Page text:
Letter: Why the decision on statues?
Last week, Jim Hagedorn was the only Minnesota member of Congress to vote against removing statutes of Confederate leaders from the U.S. Capitol. These statutes honor men who renounced their U.S. citizenship and made war against our nation and its government.
My great-grandfather fought in the Civil War, serving in a Union cavalry unit out of Iowa. In the words of Lincoln, my ancestor was one of the many Union soldiers who fought to ensure that our nation, conceived in and dedicated to liberty, would endure. I am immensely proud of my great-grandfather’s service. I am also a military veteran. I served in Vietnam. I am proud of that service, and I love my country deeply.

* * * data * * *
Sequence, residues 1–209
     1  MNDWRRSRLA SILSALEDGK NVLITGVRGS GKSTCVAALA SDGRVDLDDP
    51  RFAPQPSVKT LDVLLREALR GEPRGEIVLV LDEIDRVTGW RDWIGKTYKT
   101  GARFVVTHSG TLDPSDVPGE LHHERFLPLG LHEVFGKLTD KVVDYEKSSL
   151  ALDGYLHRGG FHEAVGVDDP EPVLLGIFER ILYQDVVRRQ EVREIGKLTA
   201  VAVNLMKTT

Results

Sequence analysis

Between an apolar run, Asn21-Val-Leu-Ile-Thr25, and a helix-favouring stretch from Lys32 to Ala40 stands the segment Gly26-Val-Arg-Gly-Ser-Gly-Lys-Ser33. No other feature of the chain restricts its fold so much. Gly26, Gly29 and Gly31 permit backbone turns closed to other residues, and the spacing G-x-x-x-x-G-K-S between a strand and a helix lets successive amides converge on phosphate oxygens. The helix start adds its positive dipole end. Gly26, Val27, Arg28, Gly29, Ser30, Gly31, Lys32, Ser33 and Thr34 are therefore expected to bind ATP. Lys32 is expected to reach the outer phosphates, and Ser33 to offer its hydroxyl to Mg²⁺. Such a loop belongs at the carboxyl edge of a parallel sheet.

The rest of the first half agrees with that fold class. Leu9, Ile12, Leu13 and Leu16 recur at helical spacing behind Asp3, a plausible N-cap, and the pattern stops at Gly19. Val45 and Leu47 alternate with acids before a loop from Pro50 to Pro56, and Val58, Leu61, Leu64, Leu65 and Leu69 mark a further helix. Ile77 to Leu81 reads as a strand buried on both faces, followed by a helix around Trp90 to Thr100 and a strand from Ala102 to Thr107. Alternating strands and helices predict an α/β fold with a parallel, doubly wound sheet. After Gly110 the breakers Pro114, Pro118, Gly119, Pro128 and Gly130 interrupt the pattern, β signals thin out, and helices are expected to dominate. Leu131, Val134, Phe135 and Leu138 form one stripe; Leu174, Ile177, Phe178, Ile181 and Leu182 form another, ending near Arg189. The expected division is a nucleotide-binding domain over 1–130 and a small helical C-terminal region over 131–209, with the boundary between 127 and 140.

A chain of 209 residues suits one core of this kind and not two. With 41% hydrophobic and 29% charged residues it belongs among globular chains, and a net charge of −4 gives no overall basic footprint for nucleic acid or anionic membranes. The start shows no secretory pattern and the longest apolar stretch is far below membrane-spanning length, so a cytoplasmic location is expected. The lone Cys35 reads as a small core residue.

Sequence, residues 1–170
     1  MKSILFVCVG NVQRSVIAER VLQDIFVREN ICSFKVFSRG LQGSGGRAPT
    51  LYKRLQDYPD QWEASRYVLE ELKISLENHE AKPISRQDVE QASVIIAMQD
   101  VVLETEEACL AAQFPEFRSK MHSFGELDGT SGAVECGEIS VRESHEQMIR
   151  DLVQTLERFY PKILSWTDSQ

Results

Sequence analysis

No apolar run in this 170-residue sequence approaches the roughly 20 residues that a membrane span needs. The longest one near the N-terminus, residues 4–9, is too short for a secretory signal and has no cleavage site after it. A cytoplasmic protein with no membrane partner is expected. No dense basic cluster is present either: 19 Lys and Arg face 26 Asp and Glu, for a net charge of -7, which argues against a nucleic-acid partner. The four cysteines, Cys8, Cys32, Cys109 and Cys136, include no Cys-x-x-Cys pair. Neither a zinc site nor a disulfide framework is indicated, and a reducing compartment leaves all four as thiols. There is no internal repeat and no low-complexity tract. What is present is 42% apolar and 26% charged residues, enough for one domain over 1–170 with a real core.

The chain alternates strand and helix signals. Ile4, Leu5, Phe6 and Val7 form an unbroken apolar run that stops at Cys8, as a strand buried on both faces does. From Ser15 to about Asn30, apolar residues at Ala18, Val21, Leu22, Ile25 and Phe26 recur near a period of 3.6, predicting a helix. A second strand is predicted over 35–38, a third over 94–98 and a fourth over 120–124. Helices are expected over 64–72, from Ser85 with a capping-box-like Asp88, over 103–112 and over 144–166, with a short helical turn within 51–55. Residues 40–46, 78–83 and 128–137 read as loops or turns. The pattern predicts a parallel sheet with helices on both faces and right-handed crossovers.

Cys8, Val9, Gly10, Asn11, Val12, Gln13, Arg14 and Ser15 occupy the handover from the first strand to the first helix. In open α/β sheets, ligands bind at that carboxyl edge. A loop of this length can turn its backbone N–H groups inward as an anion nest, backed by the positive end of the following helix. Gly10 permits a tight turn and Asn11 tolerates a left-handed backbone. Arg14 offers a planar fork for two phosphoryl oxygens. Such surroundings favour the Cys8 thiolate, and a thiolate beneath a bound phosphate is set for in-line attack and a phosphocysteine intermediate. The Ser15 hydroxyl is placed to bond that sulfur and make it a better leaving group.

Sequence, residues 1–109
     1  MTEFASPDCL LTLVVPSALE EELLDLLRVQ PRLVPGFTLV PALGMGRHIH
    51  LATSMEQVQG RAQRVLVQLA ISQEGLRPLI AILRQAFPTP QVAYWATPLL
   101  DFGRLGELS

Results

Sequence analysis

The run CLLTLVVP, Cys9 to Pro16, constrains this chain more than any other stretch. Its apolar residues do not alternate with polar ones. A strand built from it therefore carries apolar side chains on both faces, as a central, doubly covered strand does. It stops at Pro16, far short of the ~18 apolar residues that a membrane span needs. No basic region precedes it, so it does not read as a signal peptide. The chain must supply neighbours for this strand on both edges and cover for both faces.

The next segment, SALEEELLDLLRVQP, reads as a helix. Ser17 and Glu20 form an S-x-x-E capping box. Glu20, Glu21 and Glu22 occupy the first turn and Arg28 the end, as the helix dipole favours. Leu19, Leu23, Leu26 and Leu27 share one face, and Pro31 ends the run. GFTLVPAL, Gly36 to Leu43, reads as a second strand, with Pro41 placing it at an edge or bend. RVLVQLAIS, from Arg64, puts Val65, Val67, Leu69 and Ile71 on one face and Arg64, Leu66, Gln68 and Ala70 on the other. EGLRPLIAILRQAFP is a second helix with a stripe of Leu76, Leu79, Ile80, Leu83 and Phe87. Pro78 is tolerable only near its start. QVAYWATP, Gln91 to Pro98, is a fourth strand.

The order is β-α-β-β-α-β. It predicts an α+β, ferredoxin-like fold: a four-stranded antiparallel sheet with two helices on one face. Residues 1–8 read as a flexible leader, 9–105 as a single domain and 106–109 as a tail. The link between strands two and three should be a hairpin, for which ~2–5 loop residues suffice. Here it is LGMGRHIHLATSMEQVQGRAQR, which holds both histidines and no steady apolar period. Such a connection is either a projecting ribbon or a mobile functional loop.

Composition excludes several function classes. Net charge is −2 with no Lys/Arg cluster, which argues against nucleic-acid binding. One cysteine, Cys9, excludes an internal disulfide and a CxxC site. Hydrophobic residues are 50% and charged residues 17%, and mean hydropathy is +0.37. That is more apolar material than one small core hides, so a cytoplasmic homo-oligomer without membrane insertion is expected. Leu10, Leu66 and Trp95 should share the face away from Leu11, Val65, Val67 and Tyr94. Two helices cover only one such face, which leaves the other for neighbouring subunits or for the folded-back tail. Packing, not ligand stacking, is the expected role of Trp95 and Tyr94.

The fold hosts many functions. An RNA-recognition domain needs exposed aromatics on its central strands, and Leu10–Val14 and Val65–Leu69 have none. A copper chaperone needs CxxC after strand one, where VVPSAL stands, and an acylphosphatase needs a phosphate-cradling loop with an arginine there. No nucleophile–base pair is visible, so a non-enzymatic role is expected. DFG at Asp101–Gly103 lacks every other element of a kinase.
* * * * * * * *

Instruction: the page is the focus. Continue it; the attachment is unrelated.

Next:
Rep. Hagedorn asks us to honor men who tried to destroy our country. Men who fought and killed U.S. soldiers who were protecting our nation and Constitution. We have convicted people as traitors for doing far less than these Confederate leaders did. Yet, Rep. Hagedorn voted to preserve for them an esteemed place in our nation’s Capitol building.
I do not know if our congressman is merely ignorant of an important part of history, or admires traitors like Jefferson Davis. Either way, I am deeply disappointed.